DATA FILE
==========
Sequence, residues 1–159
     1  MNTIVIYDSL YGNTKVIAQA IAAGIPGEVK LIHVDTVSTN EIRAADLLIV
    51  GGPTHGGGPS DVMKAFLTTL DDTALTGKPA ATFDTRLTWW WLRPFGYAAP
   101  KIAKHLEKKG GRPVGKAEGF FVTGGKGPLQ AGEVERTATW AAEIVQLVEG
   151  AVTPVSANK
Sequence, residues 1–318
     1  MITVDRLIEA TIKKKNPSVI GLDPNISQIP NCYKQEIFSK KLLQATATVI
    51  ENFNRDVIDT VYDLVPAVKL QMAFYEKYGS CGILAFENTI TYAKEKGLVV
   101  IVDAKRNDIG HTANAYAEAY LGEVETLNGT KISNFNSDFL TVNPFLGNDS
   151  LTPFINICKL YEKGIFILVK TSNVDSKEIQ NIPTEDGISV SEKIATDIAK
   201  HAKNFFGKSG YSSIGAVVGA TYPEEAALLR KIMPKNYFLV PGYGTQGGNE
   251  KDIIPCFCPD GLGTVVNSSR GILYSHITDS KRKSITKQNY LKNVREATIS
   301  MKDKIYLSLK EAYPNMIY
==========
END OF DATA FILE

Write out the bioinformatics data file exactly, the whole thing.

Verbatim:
Sequence, residues 1–159
     1  MNTIVIYDSL YGNTKVIAQA IAAGIPGEVK LIHVDTVSTN EIRAADLLIV
    51  GGPTHGGGPS DVMKAFLTTL DDTALTGKPA ATFDTRLTWW WLRPFGYAAP
   101  KIAKHLEKKG GRPVGKAEGF FVTGGKGPLQ AGEVERTATW AAEIVQLVEG
   151  AVTPVSANK
Sequence, residues 1–318
     1  MITVDRLIEA TIKKKNPSVI GLDPNISQIP NCYKQEIFSK KLLQATATVI
    51  ENFNRDVIDT VYDLVPAVKL QMAFYEKYGS CGILAFENTI TYAKEKGLVV
   101  IVDAKRNDIG HTANAYAEAY LGEVETLNGT KISNFNSDFL TVNPFLGNDS
   151  LTPFINICKL YEKGIFILVK TSNVDSKEIQ NIPTEDGISV SEKIATDIAK
   201  HAKNFFGKSG YSSIGAVVGA TYPEEAALLR KIMPKNYFLV PGYGTQGGNE
   251  KDIIPCFCPD GLGTVVNSSR GILYSHITDS KRKSITKQNY LKNVREATIS
   301  MKDKIYLSLK EAYPNMIY